Passengers and operators of the traditional wooden abras that cross Dubai Creek are apprehensive about plans to modernise the fleet. Many abra drivers and passengers say they are worried that an important part of Dubai's heritage will be lost when a new fleet of lighter aluminium boats is introduced next year. But the emirate's Marine Agency, which will manage the modernisation scheme, has promised the new vessels will have the same basic design and appearance as their aged predecessors.
Although they will be made primarily from composite fibre and aluminium, the new boats will be finished with a thin layer of wood to preserve the time-honoured look of a traditional abra. A key advantage of the new generation of boats is that they will be equipped with improved safety equipment, according to the agency. Electric motors will also reduce the pollution caused by the current petrol-driven abras.
Muhaamad Kamran, 29, a Pakistani, said he enjoyed the simplicity and old-fashioned feel of the current vessels. "I think it would be a bad idea to bring in new ones," he said during his crossing from Bur Dubai to Deira yesterday. "I don't really want to see that change. I don't think there's any need to improve them because they are safe and quite efficient as it is." Noor Hussain, a Bangladeshi who has been ferrying passengers for the past 20 years, said he was not keen on the idea of scrapping his ageing vessel. "What is wrong with these?" Mr Hussain said. "My abra is safe and already has life jackets and first aid kits. I've never had any accidents or injuries on board."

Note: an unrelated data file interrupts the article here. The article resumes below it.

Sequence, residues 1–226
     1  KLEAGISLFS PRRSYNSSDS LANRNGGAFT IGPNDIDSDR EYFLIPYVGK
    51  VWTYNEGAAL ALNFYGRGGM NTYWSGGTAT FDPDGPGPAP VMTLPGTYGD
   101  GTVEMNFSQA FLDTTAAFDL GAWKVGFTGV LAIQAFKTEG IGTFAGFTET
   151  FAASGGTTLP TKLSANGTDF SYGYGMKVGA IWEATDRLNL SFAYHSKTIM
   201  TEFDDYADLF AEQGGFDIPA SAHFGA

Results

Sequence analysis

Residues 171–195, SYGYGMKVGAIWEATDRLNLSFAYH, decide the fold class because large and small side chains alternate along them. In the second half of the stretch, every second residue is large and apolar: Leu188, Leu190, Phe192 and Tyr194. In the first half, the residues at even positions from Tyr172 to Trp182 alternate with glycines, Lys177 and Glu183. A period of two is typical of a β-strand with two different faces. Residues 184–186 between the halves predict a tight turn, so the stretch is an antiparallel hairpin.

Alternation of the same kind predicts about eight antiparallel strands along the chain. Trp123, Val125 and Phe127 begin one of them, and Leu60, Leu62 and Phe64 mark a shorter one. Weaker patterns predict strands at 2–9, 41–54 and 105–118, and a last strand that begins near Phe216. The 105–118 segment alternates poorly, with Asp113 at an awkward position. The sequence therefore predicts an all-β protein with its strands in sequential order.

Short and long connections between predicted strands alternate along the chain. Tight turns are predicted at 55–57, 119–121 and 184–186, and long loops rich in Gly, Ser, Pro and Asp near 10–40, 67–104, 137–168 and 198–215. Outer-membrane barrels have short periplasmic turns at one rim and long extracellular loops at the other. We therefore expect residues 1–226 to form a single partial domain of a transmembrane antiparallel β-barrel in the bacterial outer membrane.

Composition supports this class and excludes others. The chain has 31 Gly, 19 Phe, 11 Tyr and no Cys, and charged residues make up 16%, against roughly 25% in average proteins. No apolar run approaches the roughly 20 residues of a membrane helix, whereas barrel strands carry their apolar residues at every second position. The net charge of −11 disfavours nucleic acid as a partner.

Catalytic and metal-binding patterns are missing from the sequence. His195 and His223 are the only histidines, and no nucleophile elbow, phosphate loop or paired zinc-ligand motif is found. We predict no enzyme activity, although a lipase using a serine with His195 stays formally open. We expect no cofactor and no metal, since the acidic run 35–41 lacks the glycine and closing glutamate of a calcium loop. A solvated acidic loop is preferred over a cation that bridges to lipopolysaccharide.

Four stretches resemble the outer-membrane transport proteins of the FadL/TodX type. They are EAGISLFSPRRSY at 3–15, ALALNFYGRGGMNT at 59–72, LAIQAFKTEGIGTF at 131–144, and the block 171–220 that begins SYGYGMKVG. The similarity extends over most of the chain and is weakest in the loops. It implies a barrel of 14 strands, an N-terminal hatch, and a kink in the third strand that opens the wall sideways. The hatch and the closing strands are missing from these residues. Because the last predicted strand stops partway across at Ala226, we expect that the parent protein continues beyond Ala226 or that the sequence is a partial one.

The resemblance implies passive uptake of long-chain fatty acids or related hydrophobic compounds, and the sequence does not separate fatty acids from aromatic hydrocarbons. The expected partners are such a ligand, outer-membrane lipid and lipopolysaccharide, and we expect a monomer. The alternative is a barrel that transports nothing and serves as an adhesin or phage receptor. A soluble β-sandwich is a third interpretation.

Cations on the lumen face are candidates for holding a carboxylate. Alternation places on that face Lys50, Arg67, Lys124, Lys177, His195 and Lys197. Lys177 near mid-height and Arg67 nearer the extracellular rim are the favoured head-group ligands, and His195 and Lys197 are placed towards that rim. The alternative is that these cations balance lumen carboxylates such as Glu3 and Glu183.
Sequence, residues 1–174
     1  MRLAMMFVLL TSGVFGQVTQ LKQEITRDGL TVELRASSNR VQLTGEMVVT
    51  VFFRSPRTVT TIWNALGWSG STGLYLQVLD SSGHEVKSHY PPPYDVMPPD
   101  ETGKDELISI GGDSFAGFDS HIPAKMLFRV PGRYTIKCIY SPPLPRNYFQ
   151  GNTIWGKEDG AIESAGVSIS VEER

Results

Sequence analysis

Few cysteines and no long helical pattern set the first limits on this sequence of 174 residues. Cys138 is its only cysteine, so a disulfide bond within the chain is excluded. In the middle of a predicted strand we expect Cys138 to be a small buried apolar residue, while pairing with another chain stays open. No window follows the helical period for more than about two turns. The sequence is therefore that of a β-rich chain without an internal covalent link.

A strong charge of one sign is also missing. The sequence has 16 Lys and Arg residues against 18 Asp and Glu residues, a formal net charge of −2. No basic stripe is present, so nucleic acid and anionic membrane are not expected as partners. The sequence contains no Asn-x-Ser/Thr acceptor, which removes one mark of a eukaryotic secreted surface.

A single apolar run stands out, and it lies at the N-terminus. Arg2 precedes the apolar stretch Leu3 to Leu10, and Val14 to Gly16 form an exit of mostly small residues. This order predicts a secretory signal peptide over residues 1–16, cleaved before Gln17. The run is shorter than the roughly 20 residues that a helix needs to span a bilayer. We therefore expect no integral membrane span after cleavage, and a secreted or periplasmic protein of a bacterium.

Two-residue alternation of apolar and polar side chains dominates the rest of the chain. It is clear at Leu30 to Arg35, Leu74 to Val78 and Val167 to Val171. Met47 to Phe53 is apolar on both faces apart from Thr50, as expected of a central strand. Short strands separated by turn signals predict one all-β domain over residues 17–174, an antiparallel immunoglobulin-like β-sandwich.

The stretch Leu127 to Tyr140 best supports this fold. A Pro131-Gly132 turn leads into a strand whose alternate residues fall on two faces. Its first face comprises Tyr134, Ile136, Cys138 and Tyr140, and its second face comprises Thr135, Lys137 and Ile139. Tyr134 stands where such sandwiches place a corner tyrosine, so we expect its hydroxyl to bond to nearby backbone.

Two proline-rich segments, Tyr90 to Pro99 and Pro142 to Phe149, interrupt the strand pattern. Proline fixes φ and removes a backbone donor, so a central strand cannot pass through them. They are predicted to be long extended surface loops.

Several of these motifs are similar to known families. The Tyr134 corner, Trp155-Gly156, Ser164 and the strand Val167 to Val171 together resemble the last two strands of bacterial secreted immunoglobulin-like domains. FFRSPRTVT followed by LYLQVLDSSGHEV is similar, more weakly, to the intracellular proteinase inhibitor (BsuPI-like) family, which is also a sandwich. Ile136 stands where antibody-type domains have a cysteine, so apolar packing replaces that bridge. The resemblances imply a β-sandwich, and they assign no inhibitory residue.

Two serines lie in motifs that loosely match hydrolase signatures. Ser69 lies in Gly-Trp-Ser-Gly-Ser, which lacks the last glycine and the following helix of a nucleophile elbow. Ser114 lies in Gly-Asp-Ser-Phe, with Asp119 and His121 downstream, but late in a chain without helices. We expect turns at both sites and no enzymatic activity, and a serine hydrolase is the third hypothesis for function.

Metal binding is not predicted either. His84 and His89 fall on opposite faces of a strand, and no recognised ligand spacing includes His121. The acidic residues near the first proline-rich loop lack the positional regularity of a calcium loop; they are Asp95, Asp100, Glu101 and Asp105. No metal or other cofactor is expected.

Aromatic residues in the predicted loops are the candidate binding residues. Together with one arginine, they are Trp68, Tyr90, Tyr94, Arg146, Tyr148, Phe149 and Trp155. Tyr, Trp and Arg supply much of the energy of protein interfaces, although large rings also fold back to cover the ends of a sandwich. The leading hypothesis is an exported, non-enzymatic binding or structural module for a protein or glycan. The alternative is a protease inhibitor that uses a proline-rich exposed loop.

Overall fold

Kabil Ahmed, 32, an abra operator for 15 years, agreed. "People like these abras because they are a traditional part of life in this country, and nobody wants to see that change. Maybe the new boats will look a bit the same, but people will know the difference - I think it is a bad idea." Mr Ahmed conceded, however, the environmental benefits of the new abras. "That part is good," he said. Andreas Meyer and his wife Alexandra, both aged 38 and on holiday from Germany, felt strongly that traditional aspects of Emirati life such as abras should be protected, even at the cost of efficiency.
"I believe that old things representing a traditional way of life should always be maintained at any cost," Mr Meyer said as he boarded one of the wooden boats. "It is better for tourists that way, because they even come here to see these things - they don't really want to see a modern type of boat. "They talk about improving the safety, but from what I've seen and heard about abras, they're not exactly the most dangerous mode of transport in the world."
Not everyone was in favour of keeping the existing abra stock. Kai Struck, 43, also from Germany, said: "I'm fine with the idea of a modern fleet, it makes sense for water transport to move with the times." The Marine Agency, part of the Roads and Transport Authority, said it would introduce a few of the new-style abras in a pilot project next year. If they prove popular with operators and passengers, the existing fleet of 149 motorised abras - many more than 30 years old - will be gradually phased out and replaced.